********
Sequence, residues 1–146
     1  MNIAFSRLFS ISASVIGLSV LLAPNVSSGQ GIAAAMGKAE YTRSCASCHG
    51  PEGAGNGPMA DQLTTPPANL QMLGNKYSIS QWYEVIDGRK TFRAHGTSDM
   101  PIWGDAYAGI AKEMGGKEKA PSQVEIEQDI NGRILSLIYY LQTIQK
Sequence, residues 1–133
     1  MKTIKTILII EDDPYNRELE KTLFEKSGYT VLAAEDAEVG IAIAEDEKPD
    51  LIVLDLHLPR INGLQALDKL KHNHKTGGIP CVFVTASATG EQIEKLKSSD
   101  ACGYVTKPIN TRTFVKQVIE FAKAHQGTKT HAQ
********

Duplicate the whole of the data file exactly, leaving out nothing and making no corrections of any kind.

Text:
Sequence, residues 1–146
     1  MNIAFSRLFS ISASVIGLSV LLAPNVSSGQ GIAAAMGKAE YTRSCASCHG
    51  PEGAGNGPMA DQLTTPPANL QMLGNKYSIS QWYEVIDGRK TFRAHGTSDM
   101  PIWGDAYAGI AKEMGGKEKA PSQVEIEQDI NGRILSLIYY LQTIQK
Sequence, residues 1–133
     1  MKTIKTILII EDDPYNRELE KTLFEKSGYT VLAAEDAEVG IAIAEDEKPD
    51  LIVLDLHLPR INGLQALDKL KHNHKTGGIP CVFVTASATG EQIEKLKSSD
   101  ACGYVTKPIN TRTFVKQVIE FAKAHQGTKT HAQ